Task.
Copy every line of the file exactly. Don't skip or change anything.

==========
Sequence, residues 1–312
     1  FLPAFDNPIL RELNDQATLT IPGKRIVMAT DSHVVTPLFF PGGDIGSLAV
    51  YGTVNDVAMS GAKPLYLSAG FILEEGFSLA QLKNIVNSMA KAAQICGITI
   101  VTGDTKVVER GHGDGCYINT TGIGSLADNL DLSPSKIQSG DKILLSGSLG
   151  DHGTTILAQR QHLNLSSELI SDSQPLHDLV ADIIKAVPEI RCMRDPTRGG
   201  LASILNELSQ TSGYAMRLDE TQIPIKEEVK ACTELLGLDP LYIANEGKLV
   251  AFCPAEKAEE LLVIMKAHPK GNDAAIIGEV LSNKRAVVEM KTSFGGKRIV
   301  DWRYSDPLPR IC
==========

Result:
Sequence, residues 1–312
     1  FLPAFDNPIL RELNDQATLT IPGKRIVMAT DSHVVTPLFF PGGDIGSLAV
    51  YGTVNDVAMS GAKPLYLSAG FILEEGFSLA QLKNIVNSMA KAAQICGITI
   101  VTGDTKVVER GHGDGCYINT TGIGSLADNL DLSPSKIQSG DKILLSGSLG
   151  DHGTTILAQR QHLNLSSELI SDSQPLHDLV ADIIKAVPEI RCMRDPTRGG
   201  LASILNELSQ TSGYAMRLDE TQIPIKEEVK ACTELLGLDP LYIANEGKLV
   251  AFCPAEKAEE LLVIMKAHPK GNDAAIIGEV LSNKRAVVEM KTSFGGKRIV
   301  DWRYSDPLPR IC